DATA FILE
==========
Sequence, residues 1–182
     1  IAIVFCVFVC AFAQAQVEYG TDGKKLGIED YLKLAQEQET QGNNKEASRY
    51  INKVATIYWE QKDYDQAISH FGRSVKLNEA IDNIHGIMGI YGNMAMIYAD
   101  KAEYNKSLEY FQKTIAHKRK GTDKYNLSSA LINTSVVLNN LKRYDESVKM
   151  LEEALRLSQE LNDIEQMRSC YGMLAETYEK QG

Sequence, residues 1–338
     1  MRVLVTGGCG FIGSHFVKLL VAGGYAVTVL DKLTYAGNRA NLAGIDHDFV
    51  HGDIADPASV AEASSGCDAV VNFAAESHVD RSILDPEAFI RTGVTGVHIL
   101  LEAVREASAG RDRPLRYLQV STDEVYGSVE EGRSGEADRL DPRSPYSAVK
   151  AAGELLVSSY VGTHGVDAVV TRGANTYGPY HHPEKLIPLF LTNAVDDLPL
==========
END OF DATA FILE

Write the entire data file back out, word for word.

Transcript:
Sequence, residues 1–182
     1  IAIVFCVFVC AFAQAQVEYG TDGKKLGIED YLKLAQEQET QGNNKEASRY
    51  INKVATIYWE QKDYDQAISH FGRSVKLNEA IDNIHGIMGI YGNMAMIYAD
   101  KAEYNKSLEY FQKTIAHKRK GTDKYNLSSA LINTSVVLNN LKRYDESVKM
   151  LEEALRLSQE LNDIEQMRSC YGMLAETYEK QG

Sequence, residues 1–338
     1  MRVLVTGGCG FIGSHFVKLL VAGGYAVTVL DKLTYAGNRA NLAGIDHDFV
    51  HGDIADPASV AEASSGCDAV VNFAAESHVD RSILDPEAFI RTGVTGVHIL
   101  LEAVREASAG RDRPLRYLQV STDEVYGSVE EGRSGEADRL DPRSPYSAVK
   151  AAGELLVSSY VGTHGVDAVV TRGANTYGPY HHPEKLIPLF LTNAVDDLPL